S. cerevisiae, also known as brewer’s or baker’s yeast, is full of nutrients and is a promising probiotic for gut health, skin health, and wound healing. Read on to learn more.
Saccharomyces cerevisiae is the yeast commonly referred to as brewer or baker’s yeast. This microorganism has been instrumental to winemaking, baking, and brewing since ancient times.
S. cerevisiae is a veterinary probiotic widely used in animal nutrition . Although several S. cerevisiae strains have proven probiotic potential in humans, only the related S. boulardii is currently licensed for use as a human probiotic .
S. cerevisiae was shown to increase the folate contents of rye flour-water mixtures .
S. cerevisiae probiotic supplements have not been approved by the FDA for medical use. Supplements generally lack solid clinical research. Regulations set manufacturing standards for them but don’t guarantee that they’re safe or effective. Speak with your doctor before supplementing.
The following purported benefits are only supported by limited, low-quality clinical studies. There is insufficient evidence to support the use of S. cerevisiae for any of the below-listed uses. Remember to speak with a doctor before taking S. cerevisiae probiotics, and never use them in place of something your doctor recommends or prescribes.
Oral treatment with viable or heat-killed S. cerevisiae strain prevented bacterial translocation, protected intestinal barrier integrity, and stimulated immunity in mice with intestinal obstruction .
S. cerevisiae strengthened epithelial barrier function in a cell study .
S. cerevisiae reduced inflammation, restored barrier function, and inhibited colitis in mice .
Topical treatment with a water-insoluble glucan from S. cerevisiae enhanced venous ulcer healing in humans. In a patient who had an ulcer that would not heal for over 15 years, this treatment caused a 67.8% decrease in the area of the ulcer .
No clinical evidence supports the use of S. cerevisiae for any of the conditions listed in this section. Below is a summary of the existing animal and cell-based research, which should guide further investigational efforts. However, the studies listed below should not be interpreted as supportive of any health benefit.
Phytic acid (phytate) is found in many cereal grains, oilseeds, legumes, flours, and brans. It forms insoluble complexes with minerals such as iron, zinc, calcium, and magnesium, and lowers their bioavailability. Humans lack the enzymes for phytate complex degradation .
Agricultural products, food and animal feeds can be contaminated by mycotoxins, specific toxins produced by fungi. These toxins can lead to various diseases in humans and livestock.
Studies report that S. cerevisiae fermentation can degrade mycotoxins .
Furthermore, S. cerevisiae also possesses the ability to bind mycotoxins. S. cerevisiae improved weight gain and reduced genotoxicity of aflatoxin in mice fed with contaminated corn .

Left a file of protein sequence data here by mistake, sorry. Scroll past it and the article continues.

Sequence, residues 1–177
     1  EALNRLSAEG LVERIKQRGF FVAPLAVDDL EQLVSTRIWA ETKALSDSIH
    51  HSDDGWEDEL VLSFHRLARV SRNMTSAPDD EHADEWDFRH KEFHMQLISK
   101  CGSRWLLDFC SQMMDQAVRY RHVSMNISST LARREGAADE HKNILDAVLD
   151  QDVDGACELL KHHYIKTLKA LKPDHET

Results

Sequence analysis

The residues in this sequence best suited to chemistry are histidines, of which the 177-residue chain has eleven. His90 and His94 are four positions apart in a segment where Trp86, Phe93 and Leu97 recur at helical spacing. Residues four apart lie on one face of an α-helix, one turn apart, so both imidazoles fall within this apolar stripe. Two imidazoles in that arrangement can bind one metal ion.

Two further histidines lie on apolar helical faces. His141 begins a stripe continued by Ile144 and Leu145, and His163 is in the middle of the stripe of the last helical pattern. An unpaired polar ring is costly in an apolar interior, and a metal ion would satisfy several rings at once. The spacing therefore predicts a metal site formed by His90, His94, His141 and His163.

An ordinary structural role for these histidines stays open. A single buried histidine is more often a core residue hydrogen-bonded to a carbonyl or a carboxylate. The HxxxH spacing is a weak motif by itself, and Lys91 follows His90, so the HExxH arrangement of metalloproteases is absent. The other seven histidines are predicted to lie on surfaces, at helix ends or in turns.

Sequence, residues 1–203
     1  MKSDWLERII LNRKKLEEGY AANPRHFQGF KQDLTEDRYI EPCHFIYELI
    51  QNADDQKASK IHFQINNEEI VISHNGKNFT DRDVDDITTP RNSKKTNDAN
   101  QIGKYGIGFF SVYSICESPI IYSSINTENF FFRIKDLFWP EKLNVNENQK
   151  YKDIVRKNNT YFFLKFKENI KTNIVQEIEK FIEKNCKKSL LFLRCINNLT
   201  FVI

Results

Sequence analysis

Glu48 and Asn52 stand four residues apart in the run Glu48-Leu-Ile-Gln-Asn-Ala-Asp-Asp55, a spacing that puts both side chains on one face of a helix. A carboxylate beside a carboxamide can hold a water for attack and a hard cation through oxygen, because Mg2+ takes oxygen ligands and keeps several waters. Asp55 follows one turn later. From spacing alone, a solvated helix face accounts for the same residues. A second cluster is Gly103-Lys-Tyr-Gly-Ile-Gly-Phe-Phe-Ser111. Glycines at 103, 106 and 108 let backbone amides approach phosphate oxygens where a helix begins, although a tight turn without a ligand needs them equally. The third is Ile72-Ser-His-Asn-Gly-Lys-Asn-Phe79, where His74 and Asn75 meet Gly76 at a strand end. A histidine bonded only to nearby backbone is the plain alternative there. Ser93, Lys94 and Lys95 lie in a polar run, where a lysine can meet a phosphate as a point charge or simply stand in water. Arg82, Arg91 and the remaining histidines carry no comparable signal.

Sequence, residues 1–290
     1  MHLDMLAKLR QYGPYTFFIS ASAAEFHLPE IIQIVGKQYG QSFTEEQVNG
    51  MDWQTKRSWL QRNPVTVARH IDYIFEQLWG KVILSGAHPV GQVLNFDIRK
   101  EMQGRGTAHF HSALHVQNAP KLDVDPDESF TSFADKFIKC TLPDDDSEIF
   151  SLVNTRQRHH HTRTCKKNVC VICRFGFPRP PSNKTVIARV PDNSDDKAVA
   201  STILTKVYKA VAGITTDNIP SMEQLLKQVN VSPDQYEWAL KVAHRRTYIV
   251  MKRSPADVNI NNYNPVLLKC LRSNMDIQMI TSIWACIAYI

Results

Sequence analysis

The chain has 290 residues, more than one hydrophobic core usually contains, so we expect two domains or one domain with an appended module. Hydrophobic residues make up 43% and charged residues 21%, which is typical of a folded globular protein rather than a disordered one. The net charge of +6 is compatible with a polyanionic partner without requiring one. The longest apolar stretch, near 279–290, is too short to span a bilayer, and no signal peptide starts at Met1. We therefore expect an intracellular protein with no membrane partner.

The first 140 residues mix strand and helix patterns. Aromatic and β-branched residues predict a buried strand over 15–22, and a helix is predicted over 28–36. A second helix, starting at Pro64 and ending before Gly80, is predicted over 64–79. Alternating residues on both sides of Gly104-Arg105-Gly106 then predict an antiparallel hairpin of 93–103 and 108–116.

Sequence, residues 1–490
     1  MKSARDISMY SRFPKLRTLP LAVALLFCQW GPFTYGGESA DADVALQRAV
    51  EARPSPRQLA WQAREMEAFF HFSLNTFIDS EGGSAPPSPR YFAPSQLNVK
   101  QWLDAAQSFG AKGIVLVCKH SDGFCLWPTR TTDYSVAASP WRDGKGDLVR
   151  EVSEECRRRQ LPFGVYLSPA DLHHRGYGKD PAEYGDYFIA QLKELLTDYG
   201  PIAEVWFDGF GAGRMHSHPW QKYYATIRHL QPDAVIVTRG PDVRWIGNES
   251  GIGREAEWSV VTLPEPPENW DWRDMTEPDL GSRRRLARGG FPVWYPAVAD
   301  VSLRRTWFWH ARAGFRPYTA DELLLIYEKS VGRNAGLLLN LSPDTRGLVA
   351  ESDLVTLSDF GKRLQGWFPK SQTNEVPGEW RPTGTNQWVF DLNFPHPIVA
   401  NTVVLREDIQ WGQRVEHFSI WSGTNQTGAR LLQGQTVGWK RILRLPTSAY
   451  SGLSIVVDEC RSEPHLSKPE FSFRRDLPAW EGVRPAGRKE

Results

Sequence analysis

S. cerevisiae, when administered orally, colonized the bowel of healthy volunteers and competed with resident Candida species .
Treatment with S. cerevisiae decreased proinflammatory cytokines, inhibited weight loss, and increased survival rate in mice with typhoid fever (caused by Salmonella enterica Typhimurium) .
S. cerevisiae beta-glucan reduced microscopic lung lesions and the virus replication rate in pigs with pneumonia caused by swine influenza virus (SIV) .
S. cerevisiae supplementation increased antibody titers and leucocyte counts and resulted in a decline in parasitemia in Trypanosoma brucei infected rats .
S. cerevisiae, as monotherapy or as an adjuvant, accelerated the tissue-repair process and ameliorated periodontitis in rats .
Preeclampsia is associated with an impaired antioxidant defense that results in pregnancy complications. S. cerevisiae scavenged nitric oxide radicals and decreased oxidative stress in red blood cells and alleviates stress status in blood from a preeclamptic umbilical cord .
Gastrointestinal mucositis is a major and serious side effect of cancer therapy. S. cerevisiae reduced oxidative stress, prevented weight loss and intestinal lesions, and maintained the integrity of the mucosal barrier in mice with mucositis .
Anti-S. cerevisiae antibodies (ASCA) have been found in many autoimmune diseases in which increased intestinal permeability occurs, including type 1 diabetes, coeliac disease, Crohn’s disease, and others [24, 25, 26]. High ASCA were also found in obesity .
To avoid any adverse effects or unexpected interactions, talk to your doctor before starting any new probiotic supplements.
In cell and animal studies, researchers have observed that S. cerevisiae:
- May favor a Th1 response .
- Increased IFN-γ [1, 17], IL-5 , IL-10 [1, 4, 19] and IL-12 .
- Increased  and decreased  TNF-α.
- Increased  and decreased IL-6 [1, 1, 9, 28].
- Decreased IL-1α , IL-1β [9, 19], IL-8 [1, 28], CCL20, CXCL2, CXCL10  and the neutrophil chemokine KC .
- Increased IgA [1, 4], NO  and PPAR-γ .